Rep. Bennie Thompson. Photo: Jim Watson/AFP via Getty Images

Homeland Security Committee Chair Rep. Bennie Thompson (D-Miss.) unveiled a bill on Wednesday that would establish a 9/11-style commission to review the United States' response to the coronavirus outbreak.

The big picture: The Trump administration has faced widespread criticism for its response to the coronavirus, which has infected at least 200,000 Americans and made the U.S. one of the epicenters of the global pandemic.

  • The outbreak has also highlighted cracks in America's emergency preparedness, with reports of shortages of protective equipment and medical supplies growing by the day.

Details: The proposed commission would consist of 25 bipartisan members and would authorize an 18-month investigation to "make a full and complete accounting of the circumstances surrounding the emergence," as well as actions taken by all levels of government before and after the World Health Organization declared it a public health emergency on Jan. 30.

What they're saying: "Americans will need answers on how our government can work better to prevent a similar crisis from happening again," Thompson said in a statement. "This legislation we are introducing is the first step towards getting this done for the American people.”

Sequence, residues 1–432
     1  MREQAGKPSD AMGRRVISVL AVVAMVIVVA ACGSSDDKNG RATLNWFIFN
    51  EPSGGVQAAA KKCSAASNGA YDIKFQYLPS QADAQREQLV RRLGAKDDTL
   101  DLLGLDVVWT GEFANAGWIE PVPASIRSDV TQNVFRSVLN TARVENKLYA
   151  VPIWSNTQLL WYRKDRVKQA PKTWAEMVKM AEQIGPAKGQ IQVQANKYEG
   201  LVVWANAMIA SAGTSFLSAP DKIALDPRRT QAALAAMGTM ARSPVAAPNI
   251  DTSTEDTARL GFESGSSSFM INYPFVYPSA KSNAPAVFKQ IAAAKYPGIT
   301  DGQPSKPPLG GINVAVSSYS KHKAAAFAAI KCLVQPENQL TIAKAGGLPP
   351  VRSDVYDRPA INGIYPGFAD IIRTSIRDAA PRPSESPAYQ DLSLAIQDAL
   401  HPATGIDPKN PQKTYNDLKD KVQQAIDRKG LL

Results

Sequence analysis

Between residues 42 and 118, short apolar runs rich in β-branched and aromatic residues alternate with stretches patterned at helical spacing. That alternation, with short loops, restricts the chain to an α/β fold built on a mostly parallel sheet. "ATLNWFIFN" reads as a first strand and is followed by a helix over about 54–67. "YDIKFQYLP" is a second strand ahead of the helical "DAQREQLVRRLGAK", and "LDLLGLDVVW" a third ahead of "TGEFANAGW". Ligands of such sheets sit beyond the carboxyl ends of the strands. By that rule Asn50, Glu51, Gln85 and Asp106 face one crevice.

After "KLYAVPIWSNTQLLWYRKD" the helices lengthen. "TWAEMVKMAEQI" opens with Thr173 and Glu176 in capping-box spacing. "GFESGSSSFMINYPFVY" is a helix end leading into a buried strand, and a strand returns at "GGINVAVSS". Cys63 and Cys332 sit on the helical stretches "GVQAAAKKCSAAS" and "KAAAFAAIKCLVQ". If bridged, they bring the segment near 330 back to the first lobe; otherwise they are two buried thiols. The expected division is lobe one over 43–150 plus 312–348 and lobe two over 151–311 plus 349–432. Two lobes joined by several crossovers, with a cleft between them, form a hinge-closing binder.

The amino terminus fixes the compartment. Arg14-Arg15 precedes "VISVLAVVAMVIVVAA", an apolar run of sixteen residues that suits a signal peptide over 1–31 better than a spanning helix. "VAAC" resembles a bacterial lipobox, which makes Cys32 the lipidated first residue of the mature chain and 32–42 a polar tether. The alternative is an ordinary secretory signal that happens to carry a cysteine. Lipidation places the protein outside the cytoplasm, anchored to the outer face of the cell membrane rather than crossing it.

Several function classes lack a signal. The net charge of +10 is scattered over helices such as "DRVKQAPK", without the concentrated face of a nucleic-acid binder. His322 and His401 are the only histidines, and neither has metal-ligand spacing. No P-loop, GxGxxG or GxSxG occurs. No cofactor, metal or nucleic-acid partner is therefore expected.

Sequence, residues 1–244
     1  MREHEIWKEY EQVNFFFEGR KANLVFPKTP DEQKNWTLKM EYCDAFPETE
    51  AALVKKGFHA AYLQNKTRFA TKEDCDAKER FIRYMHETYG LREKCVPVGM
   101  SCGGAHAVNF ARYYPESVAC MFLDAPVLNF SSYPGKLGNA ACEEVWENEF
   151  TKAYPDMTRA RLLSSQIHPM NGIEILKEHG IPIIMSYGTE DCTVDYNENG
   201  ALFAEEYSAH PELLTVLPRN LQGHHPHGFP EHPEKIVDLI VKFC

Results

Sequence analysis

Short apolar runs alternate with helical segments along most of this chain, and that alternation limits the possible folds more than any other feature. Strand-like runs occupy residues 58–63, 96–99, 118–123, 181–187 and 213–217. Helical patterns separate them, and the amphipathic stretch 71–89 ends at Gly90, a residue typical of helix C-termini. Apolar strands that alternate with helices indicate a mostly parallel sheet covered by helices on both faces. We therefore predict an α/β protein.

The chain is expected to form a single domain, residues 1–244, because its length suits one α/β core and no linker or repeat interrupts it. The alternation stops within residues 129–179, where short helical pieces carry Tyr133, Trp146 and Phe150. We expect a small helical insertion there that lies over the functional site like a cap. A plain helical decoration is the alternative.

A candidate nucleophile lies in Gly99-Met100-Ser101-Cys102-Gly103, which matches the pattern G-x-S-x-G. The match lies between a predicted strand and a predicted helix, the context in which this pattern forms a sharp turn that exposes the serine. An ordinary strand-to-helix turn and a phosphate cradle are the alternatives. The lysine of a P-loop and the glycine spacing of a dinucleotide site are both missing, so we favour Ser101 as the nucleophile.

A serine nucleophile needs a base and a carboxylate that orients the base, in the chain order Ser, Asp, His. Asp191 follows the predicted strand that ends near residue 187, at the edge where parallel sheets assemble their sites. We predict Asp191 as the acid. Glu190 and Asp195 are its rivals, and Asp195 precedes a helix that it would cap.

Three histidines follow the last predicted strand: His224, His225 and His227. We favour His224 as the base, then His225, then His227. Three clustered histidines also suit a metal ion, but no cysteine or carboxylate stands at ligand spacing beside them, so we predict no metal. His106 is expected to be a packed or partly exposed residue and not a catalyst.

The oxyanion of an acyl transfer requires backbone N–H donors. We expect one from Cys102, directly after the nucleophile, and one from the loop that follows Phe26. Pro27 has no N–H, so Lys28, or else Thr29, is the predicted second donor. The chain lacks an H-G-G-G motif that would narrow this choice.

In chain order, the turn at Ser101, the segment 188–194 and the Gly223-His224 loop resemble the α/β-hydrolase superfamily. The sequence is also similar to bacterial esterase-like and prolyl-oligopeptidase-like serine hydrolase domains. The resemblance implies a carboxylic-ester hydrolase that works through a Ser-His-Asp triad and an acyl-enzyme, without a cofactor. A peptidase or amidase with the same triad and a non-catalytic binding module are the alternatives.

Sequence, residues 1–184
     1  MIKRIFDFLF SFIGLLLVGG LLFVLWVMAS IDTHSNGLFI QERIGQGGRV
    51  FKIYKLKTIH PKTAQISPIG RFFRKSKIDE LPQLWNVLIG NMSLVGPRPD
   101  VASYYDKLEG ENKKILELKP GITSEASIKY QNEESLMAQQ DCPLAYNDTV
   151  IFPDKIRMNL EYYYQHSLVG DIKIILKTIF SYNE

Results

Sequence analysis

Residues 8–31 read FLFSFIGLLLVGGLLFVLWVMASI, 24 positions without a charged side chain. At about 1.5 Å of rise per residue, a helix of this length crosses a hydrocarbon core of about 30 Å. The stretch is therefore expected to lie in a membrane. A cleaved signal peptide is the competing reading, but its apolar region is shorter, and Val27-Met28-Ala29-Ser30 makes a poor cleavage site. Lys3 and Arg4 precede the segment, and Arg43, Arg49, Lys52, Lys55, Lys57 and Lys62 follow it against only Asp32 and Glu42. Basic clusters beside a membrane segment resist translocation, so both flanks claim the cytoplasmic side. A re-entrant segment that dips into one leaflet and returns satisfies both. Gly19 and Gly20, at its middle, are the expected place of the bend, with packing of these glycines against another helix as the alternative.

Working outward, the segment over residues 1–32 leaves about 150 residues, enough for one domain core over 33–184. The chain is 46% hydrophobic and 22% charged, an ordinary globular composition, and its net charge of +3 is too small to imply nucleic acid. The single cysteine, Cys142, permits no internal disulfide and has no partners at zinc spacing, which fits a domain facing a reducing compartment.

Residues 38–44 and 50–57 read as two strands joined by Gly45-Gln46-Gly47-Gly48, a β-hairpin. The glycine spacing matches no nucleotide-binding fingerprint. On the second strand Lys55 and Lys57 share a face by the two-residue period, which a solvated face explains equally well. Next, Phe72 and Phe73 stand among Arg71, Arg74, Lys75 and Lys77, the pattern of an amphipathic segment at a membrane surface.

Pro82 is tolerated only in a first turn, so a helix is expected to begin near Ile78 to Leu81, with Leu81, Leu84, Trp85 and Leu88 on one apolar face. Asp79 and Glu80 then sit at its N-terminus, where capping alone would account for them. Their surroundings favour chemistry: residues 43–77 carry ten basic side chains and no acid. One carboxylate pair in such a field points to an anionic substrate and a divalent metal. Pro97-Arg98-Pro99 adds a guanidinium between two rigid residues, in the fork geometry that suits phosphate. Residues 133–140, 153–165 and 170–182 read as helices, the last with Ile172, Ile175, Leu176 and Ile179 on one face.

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Sgt. Jonathan Mattingly, the Louisville officer who led the botched police raid that caused the death of Breonna Taylor, said the No. 1 thing he wishes he had done differently is either served a "no-knock" warrant or given five to 10 seconds before entering the apartment: "Breonna Taylor would be alive, 100 percent."

Driving the news: Mattingly, who spoke to ABC News and Louisville's Courier Journal for his public interview, was shot in the leg in the initial moments of the March 13 raid. Mattingly did not face any charges after Kentucky Attorney General Daniel Cameron said he and another officer were "justified" in returning fire to protect themselves against Taylor's boyfriend.

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The big picture: Once a generation, it seems, federal regulators decide to take on a dominant tech company. Two decades ago, Microsoft was the target; two decades before that, IBM.

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If the impasse between House Speaker Nancy Pelosi and the White House on a new stimulus deal is supposed to be a crisis, you wouldn't know it from the stock market, where prices continue to rise.

  • That's been in no small part because U.S. economic data has held up remarkably well in recent months thanks to the $2 trillion CARES Act and Americans' unusual ability to save during the crisis.